It’s cold, ultramodern, and at times feels like the world of Star Wars. But it’s also friendly, hip, and culturally unique. Even with its UFO-like geothermal facility and cathedral that looks more like the Concorde than a sanctuary, Reykjavik is becoming a hotspot for American travelers who don’t want to cross the Atlantic but who do want a short, Euro-style getaway.
From a recent visit to Iceland, I found Reykjavik to be on the cusp of an isolated, unfamiliar world and at the same time a wild, up-and-coming destination. Surely an adventurous vacation filled with rugged natural wonder and rich city life would seem expensive. But, if you don’t mind the cold weather, go in the off-season when you can experience a weekend for under $500.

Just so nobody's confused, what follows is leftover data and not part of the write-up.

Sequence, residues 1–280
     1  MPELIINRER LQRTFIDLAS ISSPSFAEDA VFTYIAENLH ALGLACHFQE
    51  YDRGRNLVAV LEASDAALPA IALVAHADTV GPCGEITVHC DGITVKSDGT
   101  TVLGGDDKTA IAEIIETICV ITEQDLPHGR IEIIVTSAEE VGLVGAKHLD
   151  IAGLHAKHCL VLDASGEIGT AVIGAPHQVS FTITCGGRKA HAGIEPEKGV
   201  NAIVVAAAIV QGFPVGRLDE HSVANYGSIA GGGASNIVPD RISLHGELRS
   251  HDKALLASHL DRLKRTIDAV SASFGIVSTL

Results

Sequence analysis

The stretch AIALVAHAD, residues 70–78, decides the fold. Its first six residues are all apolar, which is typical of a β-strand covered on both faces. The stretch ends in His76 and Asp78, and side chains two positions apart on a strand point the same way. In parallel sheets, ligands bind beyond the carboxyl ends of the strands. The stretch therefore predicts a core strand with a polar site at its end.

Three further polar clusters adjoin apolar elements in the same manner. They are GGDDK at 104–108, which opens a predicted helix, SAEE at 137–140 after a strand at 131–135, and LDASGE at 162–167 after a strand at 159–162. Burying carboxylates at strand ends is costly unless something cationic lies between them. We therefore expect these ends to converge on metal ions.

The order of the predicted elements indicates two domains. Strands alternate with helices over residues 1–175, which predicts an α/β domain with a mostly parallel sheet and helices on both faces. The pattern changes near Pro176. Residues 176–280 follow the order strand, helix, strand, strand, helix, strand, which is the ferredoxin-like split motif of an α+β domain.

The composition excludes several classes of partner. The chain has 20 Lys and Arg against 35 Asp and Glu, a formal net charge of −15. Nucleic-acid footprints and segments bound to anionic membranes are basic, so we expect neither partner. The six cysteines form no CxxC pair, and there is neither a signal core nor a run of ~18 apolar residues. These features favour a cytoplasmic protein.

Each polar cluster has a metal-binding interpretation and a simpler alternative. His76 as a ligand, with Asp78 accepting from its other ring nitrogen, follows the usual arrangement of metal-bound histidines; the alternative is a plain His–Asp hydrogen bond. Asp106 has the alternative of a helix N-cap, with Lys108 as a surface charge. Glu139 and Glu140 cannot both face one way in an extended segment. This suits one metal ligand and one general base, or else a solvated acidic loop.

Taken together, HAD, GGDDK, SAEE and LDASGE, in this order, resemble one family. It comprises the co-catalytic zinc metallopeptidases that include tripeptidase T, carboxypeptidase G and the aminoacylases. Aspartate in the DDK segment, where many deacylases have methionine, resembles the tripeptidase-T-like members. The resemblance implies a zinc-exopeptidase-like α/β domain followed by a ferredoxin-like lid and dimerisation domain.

What’s the deal?
As the only major airline that flies to Iceland, Icelandair has a bit of a monopoly on Reykjavik tourism. It also owns most of the major hotels and coordinates many of the tour packages. However, in its attempt to encourage visitors, it offers a variety of great deals, particularly in the winter and into April, Iceland’s off-season.
If you don’t mind paying a bit more to go in the warmer months, Icelandair continues to provide good deals all year long. Don’t be intimidated by the thought of icy weather, though. Reykjavik only gets about as cold as Boston or New York.
Special air deals, along with short, nonstop flights, make flying easy for anyone who lives near Icelandair’s gateway cities: Baltimore, Boston, Minneapolis, New York, and Orlando. Add-ons for other U.S. cities are also available.